The Fall

We don’t have a lot of information about life for Adam and Eve before the fall. Maybe Adam went around naming other things (having finished with animals and the woman) and Eve helped him. I mean, flowers, water, rocks– there are a lot of things to name.

We do know that someone (probably Adam) told Eve about the Tree of the Knowledge of Good and Evil, and that Adam probably embellished it some, because Eve doesn’t get it quite right when she relays the prohibition to the serpent in Genesis 3.

And the woman said to the serpent, “We may eat of the fruit of the trees in the garden, but God said, ‘You shall not eat of the fruit of the tree that is in the midst of the garden, neither shall you touch it, lest you die.’ ”

Genesis 3:2-3

We know from this passage that Eve was able to make a decision about this on her own– she didn’t consult Adam about it prior to eating (though he was probably nearby). The Devil, in the form of a serpent deceived the woman, and she took and ate. Eve decided she knew better than God— or that by taking the fruit she would, and she gave it to her husband and he ate of it as well. God was testing their heart, would it be for Him? The answer was, no– they would seek out what they wanted first and foremost.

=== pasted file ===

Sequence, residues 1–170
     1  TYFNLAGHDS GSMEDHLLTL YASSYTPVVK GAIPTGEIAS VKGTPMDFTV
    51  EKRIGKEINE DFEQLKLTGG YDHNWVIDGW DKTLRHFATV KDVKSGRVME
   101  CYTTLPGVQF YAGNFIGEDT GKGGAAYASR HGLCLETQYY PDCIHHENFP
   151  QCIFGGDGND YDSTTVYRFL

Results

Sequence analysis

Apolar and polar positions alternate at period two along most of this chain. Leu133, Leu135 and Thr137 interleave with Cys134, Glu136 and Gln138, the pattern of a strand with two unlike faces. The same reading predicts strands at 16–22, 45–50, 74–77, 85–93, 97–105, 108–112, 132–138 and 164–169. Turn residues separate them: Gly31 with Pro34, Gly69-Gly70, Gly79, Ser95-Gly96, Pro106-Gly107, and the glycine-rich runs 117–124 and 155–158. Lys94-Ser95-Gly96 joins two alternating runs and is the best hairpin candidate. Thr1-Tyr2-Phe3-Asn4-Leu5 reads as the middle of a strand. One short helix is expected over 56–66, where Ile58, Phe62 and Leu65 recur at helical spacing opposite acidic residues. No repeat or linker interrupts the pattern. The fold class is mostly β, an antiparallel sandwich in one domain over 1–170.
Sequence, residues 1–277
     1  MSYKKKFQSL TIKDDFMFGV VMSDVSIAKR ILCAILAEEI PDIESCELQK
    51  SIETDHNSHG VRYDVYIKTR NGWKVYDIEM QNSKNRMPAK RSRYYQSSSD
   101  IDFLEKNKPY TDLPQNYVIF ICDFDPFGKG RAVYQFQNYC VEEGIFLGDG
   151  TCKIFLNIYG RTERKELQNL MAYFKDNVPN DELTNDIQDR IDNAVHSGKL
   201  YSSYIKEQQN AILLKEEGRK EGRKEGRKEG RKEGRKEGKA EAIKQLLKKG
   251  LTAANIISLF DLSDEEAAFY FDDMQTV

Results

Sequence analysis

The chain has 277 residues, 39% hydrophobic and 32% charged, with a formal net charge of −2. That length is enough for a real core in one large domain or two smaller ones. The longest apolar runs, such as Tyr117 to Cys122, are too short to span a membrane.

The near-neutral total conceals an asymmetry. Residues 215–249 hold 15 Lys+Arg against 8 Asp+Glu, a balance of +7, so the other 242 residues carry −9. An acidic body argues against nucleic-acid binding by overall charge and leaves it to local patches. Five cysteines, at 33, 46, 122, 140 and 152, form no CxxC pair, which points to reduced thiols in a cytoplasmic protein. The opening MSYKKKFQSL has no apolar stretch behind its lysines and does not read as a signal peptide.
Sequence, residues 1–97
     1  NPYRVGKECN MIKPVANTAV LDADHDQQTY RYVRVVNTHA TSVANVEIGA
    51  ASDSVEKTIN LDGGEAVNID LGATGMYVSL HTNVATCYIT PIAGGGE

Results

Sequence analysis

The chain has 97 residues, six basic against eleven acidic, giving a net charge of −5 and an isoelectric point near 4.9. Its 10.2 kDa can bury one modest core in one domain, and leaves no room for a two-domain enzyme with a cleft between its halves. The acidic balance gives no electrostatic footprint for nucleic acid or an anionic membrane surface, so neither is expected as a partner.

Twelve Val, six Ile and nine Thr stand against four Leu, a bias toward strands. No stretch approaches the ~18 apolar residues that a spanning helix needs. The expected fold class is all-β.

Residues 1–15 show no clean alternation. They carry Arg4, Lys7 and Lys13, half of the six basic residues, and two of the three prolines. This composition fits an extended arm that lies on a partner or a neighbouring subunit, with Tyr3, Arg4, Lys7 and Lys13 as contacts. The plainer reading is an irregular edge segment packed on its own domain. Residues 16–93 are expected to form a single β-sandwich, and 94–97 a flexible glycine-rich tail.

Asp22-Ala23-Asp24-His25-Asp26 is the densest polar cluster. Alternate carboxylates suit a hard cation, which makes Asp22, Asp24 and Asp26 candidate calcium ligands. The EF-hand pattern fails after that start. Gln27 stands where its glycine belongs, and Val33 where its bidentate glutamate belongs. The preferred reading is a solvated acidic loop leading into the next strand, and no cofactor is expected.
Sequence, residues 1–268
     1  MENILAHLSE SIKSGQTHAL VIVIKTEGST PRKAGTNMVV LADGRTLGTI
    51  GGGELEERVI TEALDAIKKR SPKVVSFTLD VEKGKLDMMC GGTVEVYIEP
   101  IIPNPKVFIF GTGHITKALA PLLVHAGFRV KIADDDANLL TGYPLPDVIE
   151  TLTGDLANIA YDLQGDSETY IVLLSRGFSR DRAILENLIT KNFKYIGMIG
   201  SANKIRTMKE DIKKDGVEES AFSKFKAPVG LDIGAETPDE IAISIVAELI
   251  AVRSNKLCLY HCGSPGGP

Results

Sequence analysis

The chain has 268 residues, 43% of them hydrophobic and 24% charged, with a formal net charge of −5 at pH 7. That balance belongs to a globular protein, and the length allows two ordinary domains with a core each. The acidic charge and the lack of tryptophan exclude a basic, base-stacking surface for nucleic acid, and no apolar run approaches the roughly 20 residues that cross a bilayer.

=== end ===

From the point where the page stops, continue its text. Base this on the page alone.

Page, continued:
What we clearly see here is that Eve valued the knowledge of good and evil, to be as God, moreso then the commands of God.

So when the woman saw that the tree was good for food, and that it was a delight to the eyes, and that the tree was to be desired to make one wise, she took of its fruit and ate, and she also gave some to her husband who was with her, and he ate.